03 Jun, 2020

Let’s build up the next generation of education researchers

In this blog, Dr Lucy Heady, Chief Executive Officer at Education Sub Saharan Africa (ESSA) writes about the need for the global education sector to share their data. In doing so, local researchers who understand the issues in their own countries can build a true story of how to improve education.

This blog is the second in our 'Data for Education' series.

Students and Professor Goski Alabi at Laweh University in Accra, Ghana Photo: Students and Professor Goski Alabi at Laweh University in Accra, Ghana

Have you ever had a performance review that really hit home? One where you felt maybe your manager could see into your soul? Mine came a few years ago. I had been called out for not doing enough to implement a new reporting system. In response I mumbled something about being under pressure with all the other things on my plate.

My manager looked me in the eyes and said, “the thing is Lucy, I know you, if you want to make something happen you can. You just didn’t care enough.” I had no come back. She was right. I hadn’t cared enough, but until that moment I had not seen that this was the problem.

If we, the global education sector, were to give ourselves a performance review, what is the thing we could make happen if only we cared enough? I point the finger at sharing data.

Data sharing has often been seen as a transparency issue but it is so much more; it is a sector-building issue.

Much is made of the need to build education research capacity in the Global South and yet we fail to invest in one of the simplest ways to do this: let us match scholars from countries in the Global South and their students, with the data sets they need to become experts in education research.

The last 15 years has seen an explosion in research and evaluation in education. We are convinced by the power of strong monitoring and assessment to contribute to effective education systems. Of course, the critic can point to how far we lag behind the health sector or how we are still finding the right mix of research methods to properly influence policy and practice, but no one can deny the progress in understanding impact.

What we have not cared about enough is sharing the raw data.

Data sets languish on the hard drives of academics, consultants and funders. In the best case scenario, they are rigorously analysed and published in an open-access journal but frequently they will be used to develop private reports that benefit only a paying client.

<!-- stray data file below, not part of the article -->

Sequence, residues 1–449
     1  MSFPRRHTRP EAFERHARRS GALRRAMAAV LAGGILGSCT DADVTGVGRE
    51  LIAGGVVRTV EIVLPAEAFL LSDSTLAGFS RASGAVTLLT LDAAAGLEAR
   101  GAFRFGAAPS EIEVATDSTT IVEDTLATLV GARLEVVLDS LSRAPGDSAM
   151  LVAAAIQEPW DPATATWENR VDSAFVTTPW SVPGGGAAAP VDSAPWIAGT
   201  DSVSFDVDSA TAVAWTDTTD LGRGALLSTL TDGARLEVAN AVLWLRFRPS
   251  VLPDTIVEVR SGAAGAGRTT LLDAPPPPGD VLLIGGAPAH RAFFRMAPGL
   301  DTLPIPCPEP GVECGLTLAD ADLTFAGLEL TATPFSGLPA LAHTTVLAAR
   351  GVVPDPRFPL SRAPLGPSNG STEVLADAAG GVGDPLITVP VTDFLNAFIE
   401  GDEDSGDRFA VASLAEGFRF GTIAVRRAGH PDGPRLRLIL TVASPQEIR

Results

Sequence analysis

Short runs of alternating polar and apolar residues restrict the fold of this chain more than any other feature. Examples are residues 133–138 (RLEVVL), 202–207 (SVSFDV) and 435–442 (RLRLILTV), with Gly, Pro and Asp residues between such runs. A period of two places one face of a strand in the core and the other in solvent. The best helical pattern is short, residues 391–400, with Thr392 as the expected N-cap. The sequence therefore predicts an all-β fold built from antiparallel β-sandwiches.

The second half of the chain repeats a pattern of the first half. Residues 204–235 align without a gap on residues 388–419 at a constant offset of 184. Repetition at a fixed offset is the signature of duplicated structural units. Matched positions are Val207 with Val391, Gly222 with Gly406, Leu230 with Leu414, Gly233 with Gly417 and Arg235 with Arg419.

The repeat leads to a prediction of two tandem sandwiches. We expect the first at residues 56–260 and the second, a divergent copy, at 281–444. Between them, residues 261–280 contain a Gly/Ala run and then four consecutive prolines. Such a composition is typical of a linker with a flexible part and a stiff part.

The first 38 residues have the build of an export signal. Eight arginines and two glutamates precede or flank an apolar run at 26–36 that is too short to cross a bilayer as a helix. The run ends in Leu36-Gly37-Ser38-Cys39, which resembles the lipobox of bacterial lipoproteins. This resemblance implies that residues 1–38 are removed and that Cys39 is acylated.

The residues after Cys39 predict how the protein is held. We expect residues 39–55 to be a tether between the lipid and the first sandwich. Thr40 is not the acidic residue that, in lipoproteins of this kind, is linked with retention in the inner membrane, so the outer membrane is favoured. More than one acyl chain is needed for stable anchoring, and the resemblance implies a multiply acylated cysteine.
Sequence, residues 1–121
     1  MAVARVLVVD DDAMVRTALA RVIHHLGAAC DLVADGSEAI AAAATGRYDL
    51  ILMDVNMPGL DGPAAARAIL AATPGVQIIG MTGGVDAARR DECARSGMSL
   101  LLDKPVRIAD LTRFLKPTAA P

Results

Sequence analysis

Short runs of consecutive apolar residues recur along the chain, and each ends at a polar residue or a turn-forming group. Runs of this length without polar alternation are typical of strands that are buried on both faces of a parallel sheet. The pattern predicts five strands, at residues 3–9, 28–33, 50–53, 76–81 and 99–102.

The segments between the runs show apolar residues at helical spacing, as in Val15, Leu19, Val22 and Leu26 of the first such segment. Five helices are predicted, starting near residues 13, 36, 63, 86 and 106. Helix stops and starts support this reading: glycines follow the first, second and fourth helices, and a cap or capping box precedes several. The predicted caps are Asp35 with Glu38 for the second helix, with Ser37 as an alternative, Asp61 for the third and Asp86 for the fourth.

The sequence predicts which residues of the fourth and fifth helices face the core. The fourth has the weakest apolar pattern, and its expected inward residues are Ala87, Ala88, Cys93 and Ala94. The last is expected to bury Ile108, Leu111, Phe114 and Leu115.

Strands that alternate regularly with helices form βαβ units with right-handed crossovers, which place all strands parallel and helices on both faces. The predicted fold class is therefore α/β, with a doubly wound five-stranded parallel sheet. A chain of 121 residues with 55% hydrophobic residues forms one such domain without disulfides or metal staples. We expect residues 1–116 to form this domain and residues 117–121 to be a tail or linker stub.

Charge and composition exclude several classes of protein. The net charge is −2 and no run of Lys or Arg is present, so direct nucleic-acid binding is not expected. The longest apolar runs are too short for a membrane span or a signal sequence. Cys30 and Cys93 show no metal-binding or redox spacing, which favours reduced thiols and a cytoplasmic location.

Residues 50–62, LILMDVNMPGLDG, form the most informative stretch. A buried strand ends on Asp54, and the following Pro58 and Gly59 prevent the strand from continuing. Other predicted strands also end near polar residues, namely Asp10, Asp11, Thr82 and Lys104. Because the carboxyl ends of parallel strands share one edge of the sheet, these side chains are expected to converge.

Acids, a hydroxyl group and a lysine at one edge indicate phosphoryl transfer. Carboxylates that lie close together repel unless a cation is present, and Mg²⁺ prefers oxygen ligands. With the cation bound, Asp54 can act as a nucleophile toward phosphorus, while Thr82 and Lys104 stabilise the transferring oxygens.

If data is only ever analysed by those who collect it, we miss out on the wealth of human imagination that could be brought to bear on it.

Different perspectives bring new thinking, new ways of combining data across studies, new research questions.

Anyone who has done a Master’s degree in a social science knows the pain of finding a good data set to analyse for their dissertation. We go where the data sets are. Data availability defines entire academic careers. Opening up data attracts the best minds to a discipline and increases access to those without the resources to collect primary data.

Last year Addis Ababa University hosted a meeting with the REAL Centre at Cambridge and the Centre for Global Development for African leaders in education research, based on findings from the African Education Research Database. Lack of access to datasets was highlighted by those attending as a major barrier to improving the discipline of education research on the continent and increasing influence with policy-makers.

There are lots of reasons why sharing data is hard: it costs money, data must be properly anonymized, academics are keen to harvest the publications they can before sharing further and so on. But none of these are killer problems if we care enough.

There are numerous examples of data repositories from the UK Data Archive to the Global Health Observatory which have set up approaches to access and governance that suit the needs of their communities.

The global crisis caused by COVID-19 changes the calculus again.

It unlikely that any new primary data will be collected for months and so all existing data has become even more precious. Many researchers and their students will have had their plans change. While many will be absorbed with responding to the crisis, there will also be many with analytical capacity to spare.

Let’s do what we can now to direct this spare capacity to the education sector and build up the next generation of education researchers.

As a first step, we would like to crowd-source a list of education data sets that are already available so that it is easier for interested researchers to access them.

The next blog in this series discusses how we can accelerate research on these data sets by scholars from sub-Saharan Africa and their students.

Now is the time to open up access to data sets in education, to release those spreadsheets from dusty hard drives. We can do this; we just need to care enough.

We are building a list of open access education data sets.

If you would like to add to this list, or contribute an idea to our blog series 'Doing more with Data' please email comms@essa-africa.org.


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